Let's start here: The Seattle Sounders had a difficult task Wednesday night. They were on the road in Mexico, at altitude in Guadalajara, missing five key players at kickoff. Midway though the first half, they lost two additional starters; the squad that ultimately lost 3-0 (3-1 aggregate) is not likely the squad head coach Brian Schmetzer would liked to have fielded.
That said, the Sounders should be furious with themselves.
By most any statistical measure, the Sounders didn’t play well. Their passing stats – .335 of possession; a .56 pass completion percentage to Chivas’ .85; just 146 completed passes to Chivas’ 418 – were bad, and they never really looked likely to score.
But Seattle still had a path to victory. The Sounders didn’t lose the game because they lacked sharpness or struggled to connect passes or were missing key players. They lost the game because they allowed two goals in transition when they were tied against a superior team on the road. They lost the game because they messed up simple soccer decisions.
While I usually work hard to defend players and acknowledge soccer is a difficult sport, I’m also tired of these things happening to MLS and US national teams in key moments. To get caught in transition on the road against a superior team – when you didn’t even need to score – is simply not okay.
I understand when players have bad games or struggle technically on a night. Those things happen. But to lack focus or fail to make wise decisions, to make fundamental errors in preparing a game plan and/or sticking to the tacticsm, those can be controlled.
Entering the match, on aggregate, Seattle were winning. Another goal would have been nice, but they didn’t need it. I can sometimes be persuaded that it’s OK to go for the kill early – but not when you’re as outmatched as Seattle were Wednesday. Whether Chivas is an overall better team is debatable, but whether Chivas is better than a Sounders team missing seven key players, that's pretty clear. In terms of risk-reward, it shouldn’t even have been a question: the Sounders' first priority was ensuring Chivas didn’t score.
I say this in almost everything I write and yet I could never say it enough: It’s exponentially more difficult to score against a set, organized defense than it is to score in transition. That’s how you win against a better team on the road. You wait and coax them into errors. You can still attack, but it needs to be within the template of the larger picture, playing decent soccer while also recognizing the moments that put you at risk. The outside defender holding his position and not leaving the channel open is more important than the outside defender overlapping and getting off a cross.
It can be difficult at times on the field, admittedly, to notice the moments when you need to play it safe. Yet Wednesday night was so clearly that night, and Seattle either had a poorly planned concept going into the game (which rests on Brian Schmetzer’s shoulders) or the team didn’t execute the game plan (which rests on the players).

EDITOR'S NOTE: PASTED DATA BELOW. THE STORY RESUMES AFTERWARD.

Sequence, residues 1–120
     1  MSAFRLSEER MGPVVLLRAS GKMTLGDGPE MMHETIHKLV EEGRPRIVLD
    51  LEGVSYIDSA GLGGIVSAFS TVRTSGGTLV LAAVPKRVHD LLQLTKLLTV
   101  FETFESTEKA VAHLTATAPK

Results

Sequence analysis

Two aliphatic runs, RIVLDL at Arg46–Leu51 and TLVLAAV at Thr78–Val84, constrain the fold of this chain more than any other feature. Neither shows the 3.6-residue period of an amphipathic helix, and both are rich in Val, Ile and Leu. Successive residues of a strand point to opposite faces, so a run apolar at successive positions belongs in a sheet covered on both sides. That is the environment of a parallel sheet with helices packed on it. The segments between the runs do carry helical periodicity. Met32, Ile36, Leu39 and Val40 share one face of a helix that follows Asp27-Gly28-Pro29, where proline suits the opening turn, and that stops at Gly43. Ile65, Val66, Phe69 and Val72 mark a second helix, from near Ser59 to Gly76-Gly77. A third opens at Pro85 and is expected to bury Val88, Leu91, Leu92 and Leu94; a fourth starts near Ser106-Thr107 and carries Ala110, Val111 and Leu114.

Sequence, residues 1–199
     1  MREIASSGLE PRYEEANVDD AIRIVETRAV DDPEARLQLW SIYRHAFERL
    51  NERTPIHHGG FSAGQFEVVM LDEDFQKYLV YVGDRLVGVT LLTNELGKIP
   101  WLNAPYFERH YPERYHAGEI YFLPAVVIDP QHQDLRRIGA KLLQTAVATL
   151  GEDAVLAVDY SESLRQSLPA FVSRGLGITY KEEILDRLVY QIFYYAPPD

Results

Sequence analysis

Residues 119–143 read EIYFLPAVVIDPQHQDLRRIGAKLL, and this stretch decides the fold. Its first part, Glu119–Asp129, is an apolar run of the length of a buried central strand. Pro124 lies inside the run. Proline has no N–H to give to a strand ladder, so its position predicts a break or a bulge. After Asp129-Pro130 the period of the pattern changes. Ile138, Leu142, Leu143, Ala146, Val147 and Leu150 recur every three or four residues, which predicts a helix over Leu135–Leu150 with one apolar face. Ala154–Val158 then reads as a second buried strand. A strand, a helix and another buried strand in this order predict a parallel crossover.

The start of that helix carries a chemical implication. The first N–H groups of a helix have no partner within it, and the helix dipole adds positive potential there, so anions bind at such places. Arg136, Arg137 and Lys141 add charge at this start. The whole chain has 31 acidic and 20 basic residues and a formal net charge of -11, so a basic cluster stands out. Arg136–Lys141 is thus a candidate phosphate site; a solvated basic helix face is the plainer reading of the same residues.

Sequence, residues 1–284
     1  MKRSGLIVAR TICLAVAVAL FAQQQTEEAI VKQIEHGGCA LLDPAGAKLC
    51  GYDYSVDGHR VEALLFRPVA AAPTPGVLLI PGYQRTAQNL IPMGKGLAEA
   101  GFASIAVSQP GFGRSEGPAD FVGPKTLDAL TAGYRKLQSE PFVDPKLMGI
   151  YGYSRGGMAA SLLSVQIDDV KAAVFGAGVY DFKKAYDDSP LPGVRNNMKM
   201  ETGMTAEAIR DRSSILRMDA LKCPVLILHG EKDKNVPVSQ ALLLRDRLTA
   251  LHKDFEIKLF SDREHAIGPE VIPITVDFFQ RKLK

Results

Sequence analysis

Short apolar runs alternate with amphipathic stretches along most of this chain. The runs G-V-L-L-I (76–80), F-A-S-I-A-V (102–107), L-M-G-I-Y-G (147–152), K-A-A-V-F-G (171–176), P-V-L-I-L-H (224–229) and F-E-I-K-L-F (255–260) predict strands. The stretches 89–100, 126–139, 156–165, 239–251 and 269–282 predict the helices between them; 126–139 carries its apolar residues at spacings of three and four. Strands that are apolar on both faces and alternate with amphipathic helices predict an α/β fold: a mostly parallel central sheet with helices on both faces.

Here’s a still image from the moments before Chivas scored the first goal:
Note both Sounders outside backs are forward, and neither defensive midfielder is protecting the space in front of the outside backs – the most vital space in defensive transitions. This isn't a team focused on not conceding first. In the next few seconds, Cristian Roldan loses the ball and Chivas goes down the field before Seattle can get set, ultimately winning the free kick that leads to the goal.
If we look at the second goal, we see a similar picture:
Seven Sounders players are in line with or ahead of the ball there. At this point, Seattle still doesn’t need to score; the game is tied. Seattle is still tied on the road to a superior opponent. They can still win in penalties. While they might want the goal to avoid extra time or penalties, they still have to consider which is more likely: scoring a goal or conceding a goal?
Prior to the second goal, Jordan McCrary loses the ball, and a single pass puts Chivas sprinting toward an exposed Sounders backline.
Finally, if we look at the last defending moment before the crucial goal, the Sounders make another mistake in transition: they stop backtracking. Chivas chips a ball behind their defenders and Javier Lopez is 1-v-1 with Stefan Frei. They shouldn't have stopped their defensive line so hard. Drop to the danger zones and it would have been much more difficult for Chivas to attack. It’s a simple soccer concept.
Too often we discuss soccer and wins and losses in terms of talent and resources. But the ability to think and plan are independent of technical talent and investment. We can, however, control the way we think about the game. For all the frustration of Seattle's struggles with the ball at their feet, it was mental mistakes that cost them the quarterfinal.